Medical Lasers; Engineering, Basic Research, and Clinical Application 2017; 6(2): 99-101  https://doi.org/10.25289/ML.2017.6.2.99
Beneficial Effect of Early Treatment of Aberrant Mongolian Spots with 1,064-nm Q-switched Neodymium-Doped Yttrium-Aluminum-Garnet Laser
Jung Yup Kim, and Won-Serk Kim
Department of Dermatology, Kangbuk Samsung Hospital, Sengkyunkwan University School of Medicine, Seoul, Korea
Correspondence to: Won-Serk Kim, Department of Dermatology, Kangbuk Samsung Hospital, Sungkyunkwan University School of Medicine, 29 Saemunan-ro, Jongno-gu, Seoul 03181, Korea, Tel.: +82-2-2001-2228, Fax: +82-2-2001-2236, E-mail: susini@naver.com
Received: December 15, 2017; Revised: December 19, 2017; Accepted: December 19, 2017; Published online: December 30, 2017.
© Korean Society for Laser Medicine and Surgery. All rights reserved.

This is an open access article distributed under the terms of the Creative Commons Attribution Non-Commercial License (http://creativecommons.org/licenses/by-nc/4.0) which permits unrestricted non-commercial use, distribution, and reproduction in any medium, provided the original work is properly cited.
Abstract

Aberrant Mongolian spots are a benign cutaneous pigmentary disorder, which in contrast to sacral Mongolian spots, have tendency to persist without regression. Two young children with aberrant Mongolian spot were treated using Q-switched neodymium:yttrium-aluminum-garnet (Nd:YAG) laser under local anesthetic cream. In both cases, Q-switched Nd:YAG laser treatment was quite safe and effective. Early laser treatment may be a recommended treatment for aberrant Mongolian spots.

Keywords: Aberrant Mongolian spot, Q-switched neodymium:yttrium-aluminum-garnet laser
INTRODUCTION

In Asians, the incidence of Mongolian spots is very high and occasionally they may persist to adulthood. The extra sacral Mongolian spots are likely to persist, compared with the sacral Mongolian spots and are called as an aberrant Mongolian spot (AMS). Various Q-switched lasers have been tried for the treatment of AMS and excellent results were made. We report the beneficial effect for early laser treatment of AMS using Q-switched neodymium:yttrium-aluminum-garnet (Nd:YAG) laser.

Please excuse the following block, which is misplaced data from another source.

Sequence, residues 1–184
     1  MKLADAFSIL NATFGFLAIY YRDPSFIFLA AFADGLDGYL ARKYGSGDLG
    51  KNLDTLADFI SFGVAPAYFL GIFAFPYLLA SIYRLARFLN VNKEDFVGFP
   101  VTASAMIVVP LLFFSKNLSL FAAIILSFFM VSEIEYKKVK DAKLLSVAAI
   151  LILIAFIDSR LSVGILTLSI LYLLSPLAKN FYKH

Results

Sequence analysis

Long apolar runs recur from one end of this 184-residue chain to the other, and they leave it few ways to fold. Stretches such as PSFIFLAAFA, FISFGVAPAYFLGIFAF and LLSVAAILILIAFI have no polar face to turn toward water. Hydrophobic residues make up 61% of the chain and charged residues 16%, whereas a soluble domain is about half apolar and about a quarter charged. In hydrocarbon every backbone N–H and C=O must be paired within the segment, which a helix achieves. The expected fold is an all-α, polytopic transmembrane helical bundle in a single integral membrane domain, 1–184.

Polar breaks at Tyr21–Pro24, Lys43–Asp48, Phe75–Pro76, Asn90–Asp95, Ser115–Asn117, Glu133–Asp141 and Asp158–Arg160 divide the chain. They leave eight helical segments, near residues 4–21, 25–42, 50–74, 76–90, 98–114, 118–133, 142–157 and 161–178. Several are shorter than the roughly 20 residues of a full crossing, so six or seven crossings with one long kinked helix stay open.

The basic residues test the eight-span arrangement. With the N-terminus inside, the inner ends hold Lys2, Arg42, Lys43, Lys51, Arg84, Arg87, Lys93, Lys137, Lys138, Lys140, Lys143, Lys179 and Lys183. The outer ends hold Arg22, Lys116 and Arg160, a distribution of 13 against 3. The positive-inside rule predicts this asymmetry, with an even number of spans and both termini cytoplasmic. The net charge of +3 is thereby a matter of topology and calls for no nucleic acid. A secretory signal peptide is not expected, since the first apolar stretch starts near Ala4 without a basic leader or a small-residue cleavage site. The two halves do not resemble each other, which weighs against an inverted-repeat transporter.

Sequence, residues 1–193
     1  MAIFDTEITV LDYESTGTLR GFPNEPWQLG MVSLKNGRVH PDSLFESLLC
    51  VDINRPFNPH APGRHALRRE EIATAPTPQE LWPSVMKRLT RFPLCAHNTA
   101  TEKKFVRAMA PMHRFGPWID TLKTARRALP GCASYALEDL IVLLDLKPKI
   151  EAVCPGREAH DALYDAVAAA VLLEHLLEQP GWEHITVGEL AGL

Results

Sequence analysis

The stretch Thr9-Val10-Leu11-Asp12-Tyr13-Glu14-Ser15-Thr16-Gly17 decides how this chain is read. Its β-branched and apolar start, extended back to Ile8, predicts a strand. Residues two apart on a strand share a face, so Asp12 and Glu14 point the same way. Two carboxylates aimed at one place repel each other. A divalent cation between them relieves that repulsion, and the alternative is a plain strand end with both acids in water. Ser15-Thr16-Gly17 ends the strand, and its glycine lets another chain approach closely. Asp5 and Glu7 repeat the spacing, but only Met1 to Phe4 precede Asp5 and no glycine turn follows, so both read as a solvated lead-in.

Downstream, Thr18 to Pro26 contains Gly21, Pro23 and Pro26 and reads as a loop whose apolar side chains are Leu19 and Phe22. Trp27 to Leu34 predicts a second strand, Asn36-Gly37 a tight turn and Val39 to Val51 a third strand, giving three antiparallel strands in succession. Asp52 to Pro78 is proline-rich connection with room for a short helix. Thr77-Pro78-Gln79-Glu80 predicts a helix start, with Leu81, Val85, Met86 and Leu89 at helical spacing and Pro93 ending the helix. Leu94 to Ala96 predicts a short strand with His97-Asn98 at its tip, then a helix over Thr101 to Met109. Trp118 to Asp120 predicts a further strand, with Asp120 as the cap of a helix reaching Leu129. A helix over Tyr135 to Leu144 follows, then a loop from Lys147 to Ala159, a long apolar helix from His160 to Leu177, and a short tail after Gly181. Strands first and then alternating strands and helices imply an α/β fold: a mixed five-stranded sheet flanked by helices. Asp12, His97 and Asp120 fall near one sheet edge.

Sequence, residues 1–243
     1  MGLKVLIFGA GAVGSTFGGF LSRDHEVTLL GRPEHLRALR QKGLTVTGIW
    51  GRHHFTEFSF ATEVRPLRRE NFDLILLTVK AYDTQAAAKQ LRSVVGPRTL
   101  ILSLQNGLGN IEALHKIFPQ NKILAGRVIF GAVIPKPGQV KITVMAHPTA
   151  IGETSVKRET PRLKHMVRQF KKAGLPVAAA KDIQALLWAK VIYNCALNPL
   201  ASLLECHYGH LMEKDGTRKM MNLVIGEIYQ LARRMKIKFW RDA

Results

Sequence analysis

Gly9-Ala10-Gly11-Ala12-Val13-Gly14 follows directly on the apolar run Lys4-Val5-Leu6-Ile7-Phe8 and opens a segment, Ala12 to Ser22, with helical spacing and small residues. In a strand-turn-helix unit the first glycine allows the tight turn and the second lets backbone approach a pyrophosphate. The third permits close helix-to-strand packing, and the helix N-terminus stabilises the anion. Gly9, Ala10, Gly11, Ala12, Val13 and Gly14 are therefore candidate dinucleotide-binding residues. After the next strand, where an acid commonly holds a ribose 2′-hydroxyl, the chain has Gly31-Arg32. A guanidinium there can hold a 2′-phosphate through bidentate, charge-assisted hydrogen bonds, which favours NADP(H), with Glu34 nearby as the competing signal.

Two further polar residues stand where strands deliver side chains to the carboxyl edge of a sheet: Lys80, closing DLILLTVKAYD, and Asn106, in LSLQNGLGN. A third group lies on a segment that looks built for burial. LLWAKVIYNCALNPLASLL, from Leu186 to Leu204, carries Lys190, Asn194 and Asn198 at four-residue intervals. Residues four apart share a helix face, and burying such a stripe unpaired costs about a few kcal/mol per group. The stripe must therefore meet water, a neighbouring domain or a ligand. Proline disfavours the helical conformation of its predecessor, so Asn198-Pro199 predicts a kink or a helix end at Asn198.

CASE REPORT

Case 1

A 3-year old female patient presented with diffuse well demarcated bluish spot on the right thigh (Fig. 1A). The skin problem was congenital, not associated with any other medical or dermatologic problems. Skin biopsy was recommended, but was denied. Under the clinical diagnosis of AMS, she received five Q-switched Nd:YAG laser (Pastelle; Wontec; Pangyo; Korea) treatments with 3 month interval under local anesthesia using topical 2.5% lidocaine cream. The treatment parameter was 1,064 nm, 7–8 mm spot size, 1.5–2.0 J/cm2, 10 Hz. After five repetitive treatments, she demonstrated marked clinical improvement without any adverse problem (Fig. 1B).

Case 2

A-2 year old female patient presented with congenital well-demarcated bluish patch on the right knee. As the patient grew, the color of skin lesion gradually darkened (Fig. 2A). She did not have any other medical problems or dermatologic problems. Under the clinical diagnosis of AMS, she had three 1,064 nm Q-switched Nd:YAG laser treatments (Pastelle) under local anesthesia using topical 2.5% lidocaine cream. The treatment parameter was 1,064 nm, 7–8 mm spot size, 1.5–2.0 J/cm2, 10 Hz. After three repetitive treatments, she demonstrated marked clinical improvement without any adverse problem (Fig. 2B).

DISCUSSION

Mongolian spots are congenital hyperpigmented areas of varying size and shape, and usually confluent grayish-blue in color. These are found most frequently in the sacral region, but so called AMS which involve extrasacral area is not rare. Sometimes, Mongolian spots involve large body area or are combined with other vascular malformation, and it is classified as extensive Mongolian spots. Mongolian spots are very common in children of Asian or African descent, but are relatively rare in Caucasians.1 The etiology of Mongolian spot is thought to result from a failure of migration of dermal melanocytes to the epidermis and their delayed disappearance from the dermal layer, so it is not neoplastic in nature but close to hamartoma.2